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Tom Robb, the first Iron Man

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COEUR d’ALENE – The Iron Horse Bar and Grill, on Thursday June 2, will celebrate its 50th anniversary.

A celebration to end all celebrations is surely in store, right?

Owner Tom Robb isn’t so sure.

“I have a couple of things in mind, but I’ll be honest with you now, I don’t know. I don’t know what we’re going to do,” he said. “I have a few ideas. But wait a minute, I love them. The other, I think they’re pretty juvenile. So I’ll think about it and get an answer.

But there’s one thing the 81-year-old knows: he’ll be at the Iron Horse on Thursday. That’s where he belongs.

“Oh yeah, absolutely,” Robb says.

For five decades this has been his home away from home. He’s there to chat with customers, encourage employees, eat breakfast or lunch, and oversee operations.

If there is a face of the Iron Horse, it belongs to this man.

On a Friday afternoon, Tom Robb is sitting in his iconic restaurant on Sherman Avenue. It’s quite busy. An older couple is seated in a corner cabin, a family in another. A trio is seated at a table by the front window. Four people enter and are escorted to a table.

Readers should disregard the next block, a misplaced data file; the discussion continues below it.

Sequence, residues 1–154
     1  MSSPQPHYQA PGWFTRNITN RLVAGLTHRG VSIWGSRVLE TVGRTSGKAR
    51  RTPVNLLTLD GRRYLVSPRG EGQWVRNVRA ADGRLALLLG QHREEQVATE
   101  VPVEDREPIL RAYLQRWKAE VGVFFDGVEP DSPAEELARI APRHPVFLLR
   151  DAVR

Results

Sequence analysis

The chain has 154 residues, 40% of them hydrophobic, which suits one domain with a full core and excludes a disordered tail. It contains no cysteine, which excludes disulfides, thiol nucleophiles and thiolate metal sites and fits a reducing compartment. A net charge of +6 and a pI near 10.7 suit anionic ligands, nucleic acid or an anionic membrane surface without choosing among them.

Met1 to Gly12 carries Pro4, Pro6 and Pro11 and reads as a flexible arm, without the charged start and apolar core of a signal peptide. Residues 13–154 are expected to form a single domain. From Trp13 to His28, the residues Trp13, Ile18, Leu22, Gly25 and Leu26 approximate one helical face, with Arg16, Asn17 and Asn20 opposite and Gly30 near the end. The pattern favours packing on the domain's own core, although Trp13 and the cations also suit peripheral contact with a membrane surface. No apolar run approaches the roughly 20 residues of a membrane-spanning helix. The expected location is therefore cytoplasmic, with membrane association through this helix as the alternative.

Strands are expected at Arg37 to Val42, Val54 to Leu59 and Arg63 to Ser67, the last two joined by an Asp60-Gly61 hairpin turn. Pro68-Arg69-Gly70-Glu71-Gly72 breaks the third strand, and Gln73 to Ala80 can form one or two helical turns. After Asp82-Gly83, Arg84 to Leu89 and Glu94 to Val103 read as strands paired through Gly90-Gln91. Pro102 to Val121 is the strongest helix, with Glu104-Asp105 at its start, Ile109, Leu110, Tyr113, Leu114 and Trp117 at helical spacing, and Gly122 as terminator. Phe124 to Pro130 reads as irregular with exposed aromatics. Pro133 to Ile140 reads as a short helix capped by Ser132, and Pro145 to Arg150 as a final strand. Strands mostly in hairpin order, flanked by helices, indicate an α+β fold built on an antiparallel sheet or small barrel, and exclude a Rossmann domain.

Robb, relaxed and friendly, wears a gray sweater. Her white hair is swept back. You can feel the pride as he surveys the scene.

He loves people. That’s what kept it going year after year after year.

“We meet so many amazing people in this industry, and it’s really rewarding,” he says. “My favorite thing is the people. Over the years we’ve had dead employees knocked down or some who were so loyal it was unbelievable. These allow you to continue.

He needed that dedication to get by during COVID-19 which made workers hard to find.

Even for a place like the legendary Iron Horse, survival isn’t easy in this industry.

“It was tough. Two difficult years,” he says. “The biggest problem was getting qualified workers to apply. Besides, anyone to apply. It’s a little better now than before. »

Robb still comes to work every day, although he leaves business decisions in the hands of his sons, Aaron and Mike.

Aaron Robb ran day-to-day operations at Coeur d’Alene for about 25 years, while Mike operated the Spokane site for nearly as long – with guidance from their father.

“I’m involved in the business,” says Tom Robb, “but Mike and Aaron make the decisions. If I don’t like a decision, I’ll say something about it. But I don’t use any pressure or anything like that.”

The pressure does not suit him. Robb is a simple man. He says what he thinks. And it’s not all sunshine and rainbows.

“A lot has happened. Some good, some bad. Small business is always a challenge, but we have no complaints. You know, plug along. Our Spokane store is doing very well. good. Our bar sales here are strong.”

Robb is proud that the Iron Horse, 407 E. Sherman Ave., has lasted 50 years. These two words in green, “Iron Horse”, look at the dining room.

“I don’t know how many restaurants have done this, at least under the same ownership and management,” he says. “It’s gratifying, in a way. But we have our scars from all those years.”